The Glad Swastika

My maidservant is absent, ‘tis true, but slight gladnesses brighten my sagging spirits. ‘Tis all a lady can do: one must distract oneself with pleasant diversions and even more pleasant thoughts when one’s maidservant dies a gruesome death on an abortionist’s filthy table. I’ve no one to tighten my corsets, save Minnie, the foyer’s maid, but her hands are most gruesomely wizened with age and labor, and I swoon more easily when I feel her rough skin brush against my glowing, satin-y skin, aged a mere 19 years. I allow my nurse-maid, Tillie, to tend to my corsets when she makes her weekly call, but alack! her visits are too infrequent, and she grumbles over the task.

And who is there to tend to my silken tresses? Dear Marguerite can help, of course, and her own maid-servant, Birdie, yet all their efforts do not achieve the same effect as the wretched Orpha was able to achieve. ‘Tis true, Celtic blood flowed in her wretched veins, but in spite of this flaw she was a brilliant coiffeuse.

But Papá and Step-Mother Celestine have been of great assistance to my emotional frailty, as has the dashing Horace. At twilight he calls with his euphonium. He arrives directly from his job managing his father’s haberdashery. Ah, the work that men do! I do not believe I should choose to possess the intellectual and social superiority of a gentleman if a requirement of this superiority be the hard toil that a man must endure! I should choose to remain in my gentle state, quietly resting away the hours of my blissful life, far from the exhausting energy required of one who spends his days in the world of industry!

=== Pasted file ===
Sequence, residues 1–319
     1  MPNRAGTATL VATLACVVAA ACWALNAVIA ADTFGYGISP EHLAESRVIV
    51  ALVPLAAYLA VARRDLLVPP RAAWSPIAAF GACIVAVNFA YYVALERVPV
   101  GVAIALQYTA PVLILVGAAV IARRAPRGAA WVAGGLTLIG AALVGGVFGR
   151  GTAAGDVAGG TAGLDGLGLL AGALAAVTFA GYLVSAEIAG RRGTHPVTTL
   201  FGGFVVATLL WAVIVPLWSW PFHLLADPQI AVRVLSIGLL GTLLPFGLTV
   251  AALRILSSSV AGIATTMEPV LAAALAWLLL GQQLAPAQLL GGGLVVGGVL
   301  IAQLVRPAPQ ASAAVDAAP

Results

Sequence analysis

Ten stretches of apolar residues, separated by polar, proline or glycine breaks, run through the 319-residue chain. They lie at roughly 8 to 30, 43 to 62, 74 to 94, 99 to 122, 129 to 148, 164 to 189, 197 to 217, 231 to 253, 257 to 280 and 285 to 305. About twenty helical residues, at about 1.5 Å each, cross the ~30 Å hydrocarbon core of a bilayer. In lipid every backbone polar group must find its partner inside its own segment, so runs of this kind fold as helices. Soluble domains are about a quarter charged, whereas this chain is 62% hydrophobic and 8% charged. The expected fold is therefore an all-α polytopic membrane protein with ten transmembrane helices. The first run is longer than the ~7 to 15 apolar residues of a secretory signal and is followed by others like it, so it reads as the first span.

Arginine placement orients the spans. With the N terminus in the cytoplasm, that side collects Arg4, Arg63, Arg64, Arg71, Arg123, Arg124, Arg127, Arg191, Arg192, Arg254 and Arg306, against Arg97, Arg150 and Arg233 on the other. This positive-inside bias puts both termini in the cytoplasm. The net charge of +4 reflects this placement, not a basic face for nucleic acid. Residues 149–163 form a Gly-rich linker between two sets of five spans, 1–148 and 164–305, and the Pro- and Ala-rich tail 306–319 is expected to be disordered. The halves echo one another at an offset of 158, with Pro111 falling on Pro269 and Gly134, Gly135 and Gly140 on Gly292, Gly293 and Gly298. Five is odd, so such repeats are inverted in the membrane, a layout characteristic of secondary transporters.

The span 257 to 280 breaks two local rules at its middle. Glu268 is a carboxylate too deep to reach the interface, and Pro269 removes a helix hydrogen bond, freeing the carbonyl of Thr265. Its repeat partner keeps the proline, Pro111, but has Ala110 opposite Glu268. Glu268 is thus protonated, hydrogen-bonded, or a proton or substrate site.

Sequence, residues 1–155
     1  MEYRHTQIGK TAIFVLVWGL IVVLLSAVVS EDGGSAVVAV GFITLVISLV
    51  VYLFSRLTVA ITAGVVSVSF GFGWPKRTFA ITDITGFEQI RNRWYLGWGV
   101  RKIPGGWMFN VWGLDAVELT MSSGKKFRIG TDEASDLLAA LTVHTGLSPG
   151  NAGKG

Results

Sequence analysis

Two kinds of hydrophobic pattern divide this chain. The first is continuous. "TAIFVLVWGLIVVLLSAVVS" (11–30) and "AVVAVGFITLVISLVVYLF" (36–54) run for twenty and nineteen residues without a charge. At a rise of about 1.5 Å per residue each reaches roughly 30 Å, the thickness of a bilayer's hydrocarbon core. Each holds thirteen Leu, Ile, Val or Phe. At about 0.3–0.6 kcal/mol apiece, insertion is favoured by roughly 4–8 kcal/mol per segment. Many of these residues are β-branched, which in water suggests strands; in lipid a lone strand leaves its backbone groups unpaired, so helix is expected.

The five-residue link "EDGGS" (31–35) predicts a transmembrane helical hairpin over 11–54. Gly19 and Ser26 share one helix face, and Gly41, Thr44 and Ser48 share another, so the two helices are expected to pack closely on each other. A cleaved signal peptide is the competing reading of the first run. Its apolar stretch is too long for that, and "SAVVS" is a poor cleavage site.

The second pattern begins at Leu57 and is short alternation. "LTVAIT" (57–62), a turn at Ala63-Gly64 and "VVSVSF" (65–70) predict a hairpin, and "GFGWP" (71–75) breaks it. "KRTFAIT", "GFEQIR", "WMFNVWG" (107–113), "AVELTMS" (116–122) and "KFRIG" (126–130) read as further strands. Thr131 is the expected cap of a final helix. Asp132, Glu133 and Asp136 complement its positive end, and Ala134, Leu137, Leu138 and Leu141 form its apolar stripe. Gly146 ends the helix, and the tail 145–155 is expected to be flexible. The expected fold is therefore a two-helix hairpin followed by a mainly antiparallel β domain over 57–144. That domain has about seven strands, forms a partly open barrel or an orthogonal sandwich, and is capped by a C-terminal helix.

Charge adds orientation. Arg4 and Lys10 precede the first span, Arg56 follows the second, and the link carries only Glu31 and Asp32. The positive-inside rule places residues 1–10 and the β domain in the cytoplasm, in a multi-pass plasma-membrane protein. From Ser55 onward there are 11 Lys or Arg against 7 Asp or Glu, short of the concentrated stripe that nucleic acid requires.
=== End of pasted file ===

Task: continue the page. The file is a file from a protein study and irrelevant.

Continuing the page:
Horace brought me a new fan from the Orient to add to my collection, adorned in peacock feathers and various filigrees most pleasing to my blue eyes. And, in what is certainly a symbol of glad tidings, to-day my little nieces Millie and Florrie rushed into the Gazebo at the back of the estate, where I was engaged in daydreams most whimsical, and they were in a very excited state.

“See what came by post today, Auntie Katharina!” Said Millie.

And they each opened their hands to reveal a little swastika pin and thimble which is the beneficiary of all those with membership in the Ladies’ Home Journal’s Girls’ Club!

“How wonderful!” I cried. “’What every girl wants – her own swastika!’” I said, reciting the well-known slogan of the Girls’ Club.

“We shall wear the pins proudly on our taffeta!” Said Florrie.

This sent me into peals of laughter. “Why, you mustn’t ruin your good taffeta dresses in such a fashion, you naughty little girls!”

“Oh, Florrie, you kid so,” Millie admonished her twin sister. “Of course, we shall display them only on our wool coats come winter.”

“There’s a good girl,” said I.

“Auntie Katharina,” said Florrie, blushing a bit, “you are so kind to us, I want you to have this. I’ve no use for it.” She extended her hand to deliver the little thimble into my own.

“Why, what a good deed you have done, Florrie! You are most suited for membership in the Girls’ Club!”

I was most touched by this little gesture; of course, I have no use for a thimble either; sewing would coarsen my fingers so, but I shall display it proudly on my dressing-table! The swastika, that ancient token of good fortune and all-‘round joy, could never have any unpleasant associations! No, when I gaze upon it, I feel only comfort, as it ever shall be with the swastika!


Adam Minter said...

Toyed with commenting in your 19th century voice, but quickly gave up. This is so great. Do more.

Katharina van Seethinbottom said...

Why, my good gentleman, we are living in the modern and advanced 20th century! Horseless carriages are everywhere, and some even suggest (impudently, in my view) that women should be granted full suffrage rights! I would advise you to glance at your calendar, where you may note that the year is 1912.

But I shall dispense with the ribaldry. I send most sincere thanks your way for reading my ruminations.